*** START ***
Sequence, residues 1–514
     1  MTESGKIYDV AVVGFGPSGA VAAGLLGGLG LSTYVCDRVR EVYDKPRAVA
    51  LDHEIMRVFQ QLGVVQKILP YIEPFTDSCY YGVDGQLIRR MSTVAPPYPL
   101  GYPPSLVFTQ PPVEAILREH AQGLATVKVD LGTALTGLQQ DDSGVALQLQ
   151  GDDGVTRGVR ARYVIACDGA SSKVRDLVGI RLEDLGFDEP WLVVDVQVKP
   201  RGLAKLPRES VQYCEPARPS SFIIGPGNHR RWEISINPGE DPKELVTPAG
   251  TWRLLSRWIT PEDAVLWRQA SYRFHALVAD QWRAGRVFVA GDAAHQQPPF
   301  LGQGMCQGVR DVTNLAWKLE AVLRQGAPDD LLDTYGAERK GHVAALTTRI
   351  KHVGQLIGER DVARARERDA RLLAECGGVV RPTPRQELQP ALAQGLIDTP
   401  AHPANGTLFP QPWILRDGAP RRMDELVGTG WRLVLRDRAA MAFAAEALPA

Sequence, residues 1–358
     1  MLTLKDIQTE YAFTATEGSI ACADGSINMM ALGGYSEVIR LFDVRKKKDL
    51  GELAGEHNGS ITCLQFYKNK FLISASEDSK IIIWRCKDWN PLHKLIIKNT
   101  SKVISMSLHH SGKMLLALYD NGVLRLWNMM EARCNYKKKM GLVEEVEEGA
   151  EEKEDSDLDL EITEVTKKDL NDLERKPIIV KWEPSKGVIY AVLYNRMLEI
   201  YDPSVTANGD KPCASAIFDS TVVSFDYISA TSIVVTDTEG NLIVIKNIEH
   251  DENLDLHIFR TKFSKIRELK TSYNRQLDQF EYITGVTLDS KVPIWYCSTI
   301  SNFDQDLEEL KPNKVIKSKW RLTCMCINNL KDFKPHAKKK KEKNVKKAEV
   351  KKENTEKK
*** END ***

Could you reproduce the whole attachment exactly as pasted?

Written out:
Sequence, residues 1–514
     1  MTESGKIYDV AVVGFGPSGA VAAGLLGGLG LSTYVCDRVR EVYDKPRAVA
    51  LDHEIMRVFQ QLGVVQKILP YIEPFTDSCY YGVDGQLIRR MSTVAPPYPL
   101  GYPPSLVFTQ PPVEAILREH AQGLATVKVD LGTALTGLQQ DDSGVALQLQ
   151  GDDGVTRGVR ARYVIACDGA SSKVRDLVGI RLEDLGFDEP WLVVDVQVKP
   201  RGLAKLPRES VQYCEPARPS SFIIGPGNHR RWEISINPGE DPKELVTPAG
   251  TWRLLSRWIT PEDAVLWRQA SYRFHALVAD QWRAGRVFVA GDAAHQQPPF
   301  LGQGMCQGVR DVTNLAWKLE AVLRQGAPDD LLDTYGAERK GHVAALTTRI
   351  KHVGQLIGER DVARARERDA RLLAECGGVV RPTPRQELQP ALAQGLIDTP
   401  AHPANGTLFP QPWILRDGAP RRMDELVGTG WRLVLRDRAA MAFAAEALPA

Sequence, residues 1–358
     1  MLTLKDIQTE YAFTATEGSI ACADGSINMM ALGGYSEVIR LFDVRKKKDL
    51  GELAGEHNGS ITCLQFYKNK FLISASEDSK IIIWRCKDWN PLHKLIIKNT
   101  SKVISMSLHH SGKMLLALYD NGVLRLWNMM EARCNYKKKM GLVEEVEEGA
   151  EEKEDSDLDL EITEVTKKDL NDLERKPIIV KWEPSKGVIY AVLYNRMLEI
   201  YDPSVTANGD KPCASAIFDS TVVSFDYISA TSIVVTDTEG NLIVIKNIEH
   251  DENLDLHIFR TKFSKIRELK TSYNRQLDQF EYITGVTLDS KVPIWYCSTI
   301  SNFDQDLEEL KPNKVIKSKW RLTCMCINNL KDFKPHAKKK KEKNVKKAEV
   351  KKENTEKK